In the SSS panel, under Links and Materials, we have all the normal material settings and then we have this SSS panel. So we have the normal base color of the surface and the specular color. We used to have to use Ramps to get this effect, but now SSS is very accurate. First of all, you want to enable Subsurface Scattering here for this material. Next, you're going to want to make sure that you've enabled Subsurface Scattering as a render pass here in the Render panel, so that the pass is taken on.

It does take quite a bit of compute power. So if you're doing temporary renders, you might want to turn that off for all of the objects in the scene, just that one place and then turn it back on again, when you're ready to do your file renders. Now, SSS takes this base material color and then adds in a couple of presets, one is for chicken, chicken has a yellow fat underneath the skin, to make it kind of yellowish looking. Cream, if you look at cream in your coffee, it's got like a white scattering underneath the surface. Ketchup is obviously red.

Marble has a stone color, depending on the color of the stone underneath a clear, like a quartz surface as well. Potatoes, skim milk, I'm getting kind of hungry here, but skin, we have two settings for skin, Skin 1 and Skin 2. I've used Skin 1 here as a setting and whenever you click these, all it does is it loads up a couple of different presets for you. So the main thing is this color effect and this is kind of a brown kind of a murky color, so like somebody who has a really great tan.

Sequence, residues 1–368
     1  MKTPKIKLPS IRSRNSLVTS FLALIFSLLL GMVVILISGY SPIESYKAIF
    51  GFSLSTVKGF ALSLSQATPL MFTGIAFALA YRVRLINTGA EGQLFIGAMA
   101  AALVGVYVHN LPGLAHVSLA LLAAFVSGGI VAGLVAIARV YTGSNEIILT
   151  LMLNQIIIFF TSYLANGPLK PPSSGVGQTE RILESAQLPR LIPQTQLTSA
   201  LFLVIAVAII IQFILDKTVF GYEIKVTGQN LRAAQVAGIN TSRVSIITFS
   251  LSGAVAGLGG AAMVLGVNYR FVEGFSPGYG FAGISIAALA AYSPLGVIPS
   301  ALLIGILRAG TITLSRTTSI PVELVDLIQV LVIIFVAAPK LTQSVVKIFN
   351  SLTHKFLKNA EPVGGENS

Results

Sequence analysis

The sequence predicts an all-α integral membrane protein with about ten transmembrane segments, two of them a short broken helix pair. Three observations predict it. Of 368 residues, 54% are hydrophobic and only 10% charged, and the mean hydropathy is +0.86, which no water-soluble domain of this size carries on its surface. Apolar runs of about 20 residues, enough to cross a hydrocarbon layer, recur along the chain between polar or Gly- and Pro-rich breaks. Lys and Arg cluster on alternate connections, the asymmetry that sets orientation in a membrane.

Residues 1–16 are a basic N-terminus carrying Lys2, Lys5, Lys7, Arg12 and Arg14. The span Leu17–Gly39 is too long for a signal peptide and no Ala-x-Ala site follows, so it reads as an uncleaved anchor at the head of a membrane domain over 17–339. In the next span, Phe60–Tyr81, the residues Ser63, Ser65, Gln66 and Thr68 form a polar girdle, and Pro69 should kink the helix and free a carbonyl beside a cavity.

Then the control here sets the amount or the degree of influence that this color from underneath affects the overall skin tone that you see. So if I crank this up to 1 and do a render, you can see that Blender makes two passes. One pass is that white shade, which says okay, based on the angle of the skin, relative to the camera and the thickness of the object at that particular point, how much Subsurface Scattering would occur and then blends in the amount of color on to that surface.

So for just a very slight effect, as if the person had, let's say, thick skin, there's not too much of an effect, but still enough to give you those highlights that you get from skin as well as then when you look at it from the side or more of an angle, you get more of a darkening kind of a color. Now, there is a couple of different effects that go on with Subsurface Scattering. One is called Front side scattering, and the other is called Back side. So if you hold your hand up to a very bright light, where the light is in back of your hand, you'll see some red color coming through, because it's passing through the blood.

That light is picking up the color from that red blood and then it's coming out through the front of your skin and that's called Back Scattering. So these two controls allow you to vary the amount of front scattering and back scattering that you want to occur. Also, skin and as like with all semitransparent materials has an Index of Refraction as well. Then the relative size of the object in Blender units is indicated here for both transmitting the red, green and blue. Different surfaces absorb, those different wavelengths to different degrees.

So in this case with skin, the red and the blue travel pretty far, because that's purple, the color of blood, and whereas the green doesn't travel very far at all. So that's Subsurface Scattering, how to use it, how to enable it and what it does for you in trying to make a photorealistic render of something that is an organic surface.